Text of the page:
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Insightful Inquiry

After 10 years of writing about "unsung heroes and people who were trying to make a difference," Christopher Phillips felt it was time for a change. As a journalist for Parade magazine, Phillips was inspired by those he was writing about. "I wanted to be more like them," he says.

In 1996, Phillips started a small discussion group "in a sliver of a coffee house in Montclair, New Jersey." Concerned that Americans were no longer talking to each other in helpful ways, Phillips wanted to get back to the roots of philosophy during Socrates time to "show you can vastly expand the range of questions you can interrogate." This gathering came to be known as the first Socrates Café. It has continued every Tuesday night since.

According to Phillips, there are approximately 300 ongoing dialogue groups throughout the United States and around the world, including Kabul, Afghanistan and Las Vegas. In Las Vegas, the group meets at the Mandalay Bay "amidst the clangor and quasi-challenging '70s music in a bookstore cafe." (For similar gatherings in Tucson, see our City Week listings.)

At a Socrates Café gathering, you "experience a motley group of people who have not had anything to do with each other having a vigorous, thoughtful, impassioned, respectful dialogue on a question they choose," says Phillips. "It's anti guru. They just throw out a question and then say, 'Let's vote.' We use three criteria. The question should leave you the most perplexed, the most curious and the least expert. You should want to inquire into a question you don't have the answer to."

Gatherings last between one to two hours and cover only one question. Typical questions might be "What is a good death?", "Who owns human life" or "How do you know when you know yourself?" Phillips says answers "give you a better sense of who you are and who you can be." But the key is not to come up with a final answer.

Nor is it to debate. "Instead of trying to win someone to your side, you share your view and support it with compelling reasoning," says Phillips. "You learn more about your own view by having it scrutinized by others.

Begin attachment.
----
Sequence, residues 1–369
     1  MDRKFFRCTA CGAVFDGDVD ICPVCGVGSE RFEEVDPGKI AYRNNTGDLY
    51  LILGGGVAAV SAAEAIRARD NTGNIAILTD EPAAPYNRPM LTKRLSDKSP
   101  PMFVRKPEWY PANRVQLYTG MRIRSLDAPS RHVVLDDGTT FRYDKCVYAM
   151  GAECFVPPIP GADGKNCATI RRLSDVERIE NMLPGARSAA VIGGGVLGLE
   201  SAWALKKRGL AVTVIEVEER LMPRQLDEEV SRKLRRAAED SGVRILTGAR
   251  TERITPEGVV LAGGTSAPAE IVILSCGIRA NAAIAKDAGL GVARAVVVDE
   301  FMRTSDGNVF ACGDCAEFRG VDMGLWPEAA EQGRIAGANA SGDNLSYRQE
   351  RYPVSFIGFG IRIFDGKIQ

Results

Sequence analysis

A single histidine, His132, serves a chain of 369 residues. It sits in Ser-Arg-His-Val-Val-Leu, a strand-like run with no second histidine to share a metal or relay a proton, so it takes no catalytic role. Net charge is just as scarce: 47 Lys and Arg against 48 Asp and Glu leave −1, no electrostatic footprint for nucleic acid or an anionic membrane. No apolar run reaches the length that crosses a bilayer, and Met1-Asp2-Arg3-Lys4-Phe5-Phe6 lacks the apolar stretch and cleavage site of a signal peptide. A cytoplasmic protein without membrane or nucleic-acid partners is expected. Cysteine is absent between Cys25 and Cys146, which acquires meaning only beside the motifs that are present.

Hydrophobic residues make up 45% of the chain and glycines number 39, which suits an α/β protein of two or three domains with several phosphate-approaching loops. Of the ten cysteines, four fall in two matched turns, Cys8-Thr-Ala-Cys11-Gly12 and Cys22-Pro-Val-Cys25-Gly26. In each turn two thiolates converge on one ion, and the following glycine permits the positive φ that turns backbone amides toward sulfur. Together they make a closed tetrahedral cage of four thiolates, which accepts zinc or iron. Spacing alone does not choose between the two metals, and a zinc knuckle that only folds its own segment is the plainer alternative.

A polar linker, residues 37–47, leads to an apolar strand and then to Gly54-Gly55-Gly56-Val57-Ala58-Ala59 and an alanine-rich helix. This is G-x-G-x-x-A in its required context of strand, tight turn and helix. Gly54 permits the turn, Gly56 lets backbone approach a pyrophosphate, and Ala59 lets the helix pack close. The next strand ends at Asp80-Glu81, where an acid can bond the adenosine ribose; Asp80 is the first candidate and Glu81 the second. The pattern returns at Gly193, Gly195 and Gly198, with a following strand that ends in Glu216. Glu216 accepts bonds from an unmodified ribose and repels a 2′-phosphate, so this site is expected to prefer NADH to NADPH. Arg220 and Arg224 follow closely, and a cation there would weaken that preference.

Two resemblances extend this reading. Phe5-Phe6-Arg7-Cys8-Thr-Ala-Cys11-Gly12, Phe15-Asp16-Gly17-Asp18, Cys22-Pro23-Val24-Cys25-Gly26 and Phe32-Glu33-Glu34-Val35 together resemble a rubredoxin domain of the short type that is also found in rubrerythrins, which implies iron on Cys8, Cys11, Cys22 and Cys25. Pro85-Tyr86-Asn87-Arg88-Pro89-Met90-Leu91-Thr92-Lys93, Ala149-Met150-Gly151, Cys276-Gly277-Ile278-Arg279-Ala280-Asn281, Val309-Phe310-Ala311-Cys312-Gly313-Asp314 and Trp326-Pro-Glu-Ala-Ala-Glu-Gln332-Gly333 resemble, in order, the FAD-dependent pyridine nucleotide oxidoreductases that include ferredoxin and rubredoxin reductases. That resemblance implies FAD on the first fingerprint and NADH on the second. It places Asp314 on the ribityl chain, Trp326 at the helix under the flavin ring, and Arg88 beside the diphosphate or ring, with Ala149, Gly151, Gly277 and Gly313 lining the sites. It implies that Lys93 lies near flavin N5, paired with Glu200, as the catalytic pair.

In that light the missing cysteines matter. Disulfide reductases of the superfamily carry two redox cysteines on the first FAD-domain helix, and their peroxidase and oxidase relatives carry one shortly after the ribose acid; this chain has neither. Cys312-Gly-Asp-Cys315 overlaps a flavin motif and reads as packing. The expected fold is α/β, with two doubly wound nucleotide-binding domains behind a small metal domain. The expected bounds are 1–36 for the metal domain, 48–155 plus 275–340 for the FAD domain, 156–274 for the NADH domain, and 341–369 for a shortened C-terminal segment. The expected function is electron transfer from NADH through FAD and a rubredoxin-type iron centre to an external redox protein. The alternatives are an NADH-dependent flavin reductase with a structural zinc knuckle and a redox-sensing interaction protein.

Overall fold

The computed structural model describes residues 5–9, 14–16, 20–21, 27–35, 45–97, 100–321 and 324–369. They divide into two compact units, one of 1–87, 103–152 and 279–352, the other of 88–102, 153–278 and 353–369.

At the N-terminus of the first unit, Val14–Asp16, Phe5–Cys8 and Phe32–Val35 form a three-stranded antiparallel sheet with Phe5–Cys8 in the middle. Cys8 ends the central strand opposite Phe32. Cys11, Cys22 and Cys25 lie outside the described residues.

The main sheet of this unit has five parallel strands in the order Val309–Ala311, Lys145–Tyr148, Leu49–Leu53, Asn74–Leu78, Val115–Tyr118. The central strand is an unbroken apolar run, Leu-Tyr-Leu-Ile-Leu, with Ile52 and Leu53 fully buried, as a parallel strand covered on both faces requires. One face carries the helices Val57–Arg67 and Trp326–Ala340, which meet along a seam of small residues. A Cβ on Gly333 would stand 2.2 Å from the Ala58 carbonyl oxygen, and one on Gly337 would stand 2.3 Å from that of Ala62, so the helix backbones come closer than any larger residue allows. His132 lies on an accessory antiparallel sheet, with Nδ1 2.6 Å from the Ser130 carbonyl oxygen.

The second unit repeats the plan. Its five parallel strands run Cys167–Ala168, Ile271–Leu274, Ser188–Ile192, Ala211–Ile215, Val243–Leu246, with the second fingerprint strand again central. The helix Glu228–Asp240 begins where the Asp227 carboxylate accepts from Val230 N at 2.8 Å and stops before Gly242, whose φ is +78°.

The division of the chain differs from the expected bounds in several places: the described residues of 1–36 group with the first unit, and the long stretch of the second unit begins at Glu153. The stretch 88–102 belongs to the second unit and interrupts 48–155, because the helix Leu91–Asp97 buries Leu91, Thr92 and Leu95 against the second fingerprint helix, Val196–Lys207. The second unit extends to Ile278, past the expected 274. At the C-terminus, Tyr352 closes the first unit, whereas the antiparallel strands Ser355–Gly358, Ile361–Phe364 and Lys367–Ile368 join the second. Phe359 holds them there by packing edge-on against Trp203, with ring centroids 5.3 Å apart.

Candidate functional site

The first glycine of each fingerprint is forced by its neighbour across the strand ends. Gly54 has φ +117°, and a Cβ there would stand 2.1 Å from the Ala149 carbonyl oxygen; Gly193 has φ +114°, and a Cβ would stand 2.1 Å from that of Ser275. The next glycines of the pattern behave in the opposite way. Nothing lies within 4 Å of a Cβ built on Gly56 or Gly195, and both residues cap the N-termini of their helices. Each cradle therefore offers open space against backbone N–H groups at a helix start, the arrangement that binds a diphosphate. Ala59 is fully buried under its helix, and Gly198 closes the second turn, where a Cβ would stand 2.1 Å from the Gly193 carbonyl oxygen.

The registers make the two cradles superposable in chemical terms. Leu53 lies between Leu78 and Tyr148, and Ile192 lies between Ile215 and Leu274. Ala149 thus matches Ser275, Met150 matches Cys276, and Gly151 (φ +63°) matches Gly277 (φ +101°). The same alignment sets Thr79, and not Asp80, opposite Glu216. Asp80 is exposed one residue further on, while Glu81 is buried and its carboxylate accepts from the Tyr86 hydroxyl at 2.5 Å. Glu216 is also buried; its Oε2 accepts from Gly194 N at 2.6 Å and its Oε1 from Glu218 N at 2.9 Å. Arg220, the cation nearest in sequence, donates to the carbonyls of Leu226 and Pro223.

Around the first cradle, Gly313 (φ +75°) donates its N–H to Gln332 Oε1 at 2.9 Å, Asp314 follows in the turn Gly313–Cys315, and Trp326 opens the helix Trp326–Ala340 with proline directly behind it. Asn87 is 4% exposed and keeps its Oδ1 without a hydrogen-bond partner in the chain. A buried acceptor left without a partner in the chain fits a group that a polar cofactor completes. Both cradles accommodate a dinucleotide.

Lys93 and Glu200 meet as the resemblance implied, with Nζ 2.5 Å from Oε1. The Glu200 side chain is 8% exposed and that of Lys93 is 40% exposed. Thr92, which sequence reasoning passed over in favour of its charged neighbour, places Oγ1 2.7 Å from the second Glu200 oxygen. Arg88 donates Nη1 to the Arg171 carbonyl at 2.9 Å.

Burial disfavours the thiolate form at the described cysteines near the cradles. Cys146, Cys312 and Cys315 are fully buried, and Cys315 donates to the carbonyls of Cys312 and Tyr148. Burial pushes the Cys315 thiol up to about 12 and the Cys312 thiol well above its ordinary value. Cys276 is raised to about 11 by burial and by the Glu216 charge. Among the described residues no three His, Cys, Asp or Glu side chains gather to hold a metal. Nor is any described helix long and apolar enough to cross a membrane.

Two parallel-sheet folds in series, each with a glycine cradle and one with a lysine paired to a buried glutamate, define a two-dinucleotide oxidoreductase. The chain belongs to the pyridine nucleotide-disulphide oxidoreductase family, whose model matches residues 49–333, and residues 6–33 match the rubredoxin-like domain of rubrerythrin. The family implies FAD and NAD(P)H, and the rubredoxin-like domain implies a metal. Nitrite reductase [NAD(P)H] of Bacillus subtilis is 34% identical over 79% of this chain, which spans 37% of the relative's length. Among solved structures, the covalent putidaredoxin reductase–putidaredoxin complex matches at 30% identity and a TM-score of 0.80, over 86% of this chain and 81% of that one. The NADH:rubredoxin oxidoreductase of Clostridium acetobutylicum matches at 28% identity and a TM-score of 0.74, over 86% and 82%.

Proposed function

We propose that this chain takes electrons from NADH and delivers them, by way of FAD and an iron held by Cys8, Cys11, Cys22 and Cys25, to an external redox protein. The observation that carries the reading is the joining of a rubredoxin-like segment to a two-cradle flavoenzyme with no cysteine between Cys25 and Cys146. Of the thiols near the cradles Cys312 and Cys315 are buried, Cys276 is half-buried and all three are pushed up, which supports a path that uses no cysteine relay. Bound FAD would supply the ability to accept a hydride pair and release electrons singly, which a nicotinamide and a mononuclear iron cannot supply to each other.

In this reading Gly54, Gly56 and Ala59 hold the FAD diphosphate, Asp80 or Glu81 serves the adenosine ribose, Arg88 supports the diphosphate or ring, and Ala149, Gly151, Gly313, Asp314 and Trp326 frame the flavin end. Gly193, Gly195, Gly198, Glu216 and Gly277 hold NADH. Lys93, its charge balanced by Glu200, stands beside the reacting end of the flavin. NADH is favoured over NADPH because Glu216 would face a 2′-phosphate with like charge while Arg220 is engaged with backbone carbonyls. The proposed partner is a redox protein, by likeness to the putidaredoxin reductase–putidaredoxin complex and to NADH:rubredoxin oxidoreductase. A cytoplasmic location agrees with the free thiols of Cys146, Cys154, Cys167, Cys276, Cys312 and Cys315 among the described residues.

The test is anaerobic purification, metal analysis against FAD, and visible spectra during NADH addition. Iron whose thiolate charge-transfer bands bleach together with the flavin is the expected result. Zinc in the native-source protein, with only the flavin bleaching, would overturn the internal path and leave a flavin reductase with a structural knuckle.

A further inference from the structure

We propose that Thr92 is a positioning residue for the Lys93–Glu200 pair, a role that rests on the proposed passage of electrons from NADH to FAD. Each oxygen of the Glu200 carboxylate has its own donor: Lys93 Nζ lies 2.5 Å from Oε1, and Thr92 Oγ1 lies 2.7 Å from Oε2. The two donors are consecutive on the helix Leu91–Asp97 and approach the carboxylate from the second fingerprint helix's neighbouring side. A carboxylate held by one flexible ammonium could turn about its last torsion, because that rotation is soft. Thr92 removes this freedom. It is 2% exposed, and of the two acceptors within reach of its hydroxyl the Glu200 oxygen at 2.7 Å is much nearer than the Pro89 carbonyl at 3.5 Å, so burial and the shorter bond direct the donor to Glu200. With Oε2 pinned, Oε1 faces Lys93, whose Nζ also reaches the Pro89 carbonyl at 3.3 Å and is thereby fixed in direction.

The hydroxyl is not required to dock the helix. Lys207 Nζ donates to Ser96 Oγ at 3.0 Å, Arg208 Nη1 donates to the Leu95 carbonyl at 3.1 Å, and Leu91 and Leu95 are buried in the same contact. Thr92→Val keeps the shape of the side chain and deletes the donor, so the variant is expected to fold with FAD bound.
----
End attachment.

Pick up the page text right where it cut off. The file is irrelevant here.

"It's supposed to serve as a springboard for further inquiry," continues Phillips. "You don't bring it to closure. The idea is to have more questions at the end, and that can be great. It's an ever expanding, upward, evolving spiral that doesn't have an end. (When) people want to find a final answer, I think, heaven forbid, life would be boring."

Life got more exciting for Phillips in 1998 when he started a nonprofit to further his cause. The Society for Philosophical Inquiry (philosopher.org) supports philosophical inquirers in their quest to create a "more deliberative democracy." After applying to more than 200 organizations for philanthropic funding with no success, Phillips' wife suggested he write a book to reach a wider audience.

Phillips "brought philosophy to the people" by visiting prisons, nursing homes and homeless shelters along with the traditional coffee houses. He met people from all walks of life and discussed a variety of questions with them. His experiences in the United States are the basis for his first book, Socrates Café, published in 2001. Later that year, he published Philosopher's Club for children. Phillips is currently on a book tour for his third book, Six Questions of Socrates: A Modern-Day Journey of Discovery Through World Philosophy, published in 2004. He will appear at 7 p.m. Monday, May 9, at Barnes and Noble, 7325 La Cholla Blvd., to discuss his book and to hold a dialogue.

In Six Questions of Socrates, Phillips traveled around the world--including Mexico, Spain, Korea, Japan, Guatemala and the Navajo nation--to ask six questions: What is virtue, moderation, justice, good, courage and piety? "These questions are what most scholars agree are from Plato's earliest dialogues featuring Socrates. Socrates thought the answers to them would lead to truths on how to be an excellent human being," says Phillips.

What surprised Phillips on his journey was how different cultures had similar ideas. "Whether I went to Greece or Japan or the Navajo nation, they all agreed that a virtuous person acts a way in the world that makes society more harmonious. I was fascinated by that."

But in some locations, language did not translate easily. In Chiapas, Mexico, Phillips asked the question, "What is justice?" "They have no such word," he says. "I thought they were pulling my leg. They make all decisions (that are important to the community) as a community. They discuss it until there is universal consensus. They never had to evolve words such as justice or laws. I find that a marvelous way to exist."

While meeting people around the world, Phillips noticed another remarkable occurrence. "People (often) have invisible walls between themselves. They only gather with people who agree with them," he says. But by participating in Socrates Cafés, it's possible to change and "celebrate being with people with a plurality of perspectives. It's amazing to see different people treat each other with almost what I would call love, because they have broken away barriers of intolerance, suspicion and stereotyping. I feel much more hopeful and exhilarated by the sense of connection. It makes me realize we're all in this together."

More by Irene Messina

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